In what could be considered an important conciliation for his industry, Israelsen said he’s open to having discussions about whether new tools are needed to make it easier and faster for the FDA to take action.
In the past, the industry has opposed and defeated legislation that would require supplements to be registered with the FDA, arguing that criminals wouldn’t register and that good companies would be overly burdened.
But Israelsen says he now thinks it’s possible that requiring registration could give the FDA a “faster, easier way to say they’re not in compliance.”
A bill reintroduced this summer by Sen. Dick Durbin, D-Ill., and Sen. Richard Blumenthal, D-Conn., would require supplement firms to register products with the FDA within 30 days after being marketed, including providing a description of each product, its ingredients and a copy of the label.
Other supplement industry trade groups emphasize that better enforcement would address the industry’s bad actors. Under existing laws, any person who markets a supplement that violates the law can be found guilty of a misdemeanor punishable by up to a year in jail and $1,000 in fines, notes the Council for Responsible Nutrition.
Such criminal cases appear to be rare, however, and they can take years and can involve more complex felony charges. The FDA has so far not provided data, requested under the Freedom of Information Act, on how often the agency has sought criminal prosecution of supplement makers.
“More executives should be subject to these misdemeanor cases,” said Mister, who heads the council. “That would send a very strong message to the industry.”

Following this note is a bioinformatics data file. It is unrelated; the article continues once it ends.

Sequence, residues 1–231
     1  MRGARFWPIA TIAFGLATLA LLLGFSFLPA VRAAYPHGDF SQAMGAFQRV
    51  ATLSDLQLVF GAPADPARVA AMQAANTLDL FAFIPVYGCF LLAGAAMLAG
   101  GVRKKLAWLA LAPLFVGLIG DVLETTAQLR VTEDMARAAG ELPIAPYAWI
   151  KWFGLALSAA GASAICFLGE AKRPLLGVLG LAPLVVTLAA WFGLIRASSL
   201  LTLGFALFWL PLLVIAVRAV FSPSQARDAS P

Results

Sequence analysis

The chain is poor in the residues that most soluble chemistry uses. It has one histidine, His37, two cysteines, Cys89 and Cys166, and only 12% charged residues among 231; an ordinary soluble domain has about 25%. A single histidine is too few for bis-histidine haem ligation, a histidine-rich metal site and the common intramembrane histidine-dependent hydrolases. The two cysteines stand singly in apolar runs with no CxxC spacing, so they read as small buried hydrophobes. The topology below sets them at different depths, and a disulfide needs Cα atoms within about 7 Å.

Supplement makers also can be subject to individual and corporate fines of up to $500,000 for a series of violations in a case, Mister noted. “If you don’t have a cop watching the speed limit, people will speed.”
Daniel Fabricant, director of the FDA’s dietary supplements division, said: “We’re doing all we can with the tools we have.” He noted that limited resources at the agency are a factor, along with competing priorities among the many food and medical products regulated by the agency.
In some recent cases, the FDA has used its authority to detain and seize adulterated or misbranded dietary supplements, as it did this year with supplements made by USPlabs and Hi-Tech Pharmaceuticals that contained the controversial stimulant DMAA. The FDA has the authority to order a recall of supplements if a manufacturer refuses to do so, and the agency threatened this in a letter to USPlabs that prompted the company to recall OxyElite Pro last month.
But the FDA still should do more, argues Patrick Arnold, who was convicted in 2006 as the Illinois steroid chemist in the “Balco” scandal that involved distributing performance-enhancing drugs to high-profile athletes.
“Obviously, we want to avoid regulatory interference as much as we can because it never ends up being a good thing,” Arnold said. But without better FDA oversight, Arnold said, it will become increasingly difficult for supplement makers to compete without spiking their products.
He pointed to the lack of any public action by the FDA to address repeated findings by independent labs — including by the U.S. Anti-Doping Agency in June 2012, and various teams of international researchers — of undisclosed amphetamine- and methamphetamine-like compounds in Craze. This week, another peer-reviewed journal article reported tests showing similar findings in additional samples of Craze, as well as in Detonate. Driven Sports says the tests are wrong; Gaspari officials have not responded to interview requests.
“When stuff like this happens with Craze and Detonate, that just makes people so pissed off that they’re ready for some regulation,” Arnold said. “That’s so unfair to competitors and it’s a public health issue.”
Arnold pointed out that there have been people with criminal backgrounds making supplements as long as he’s been in the business. “When I first got started in the 1990s, just about every major supplement owner was an ex-steroid dealer,” he said. “You make money selling steroids, then start your supplement company.”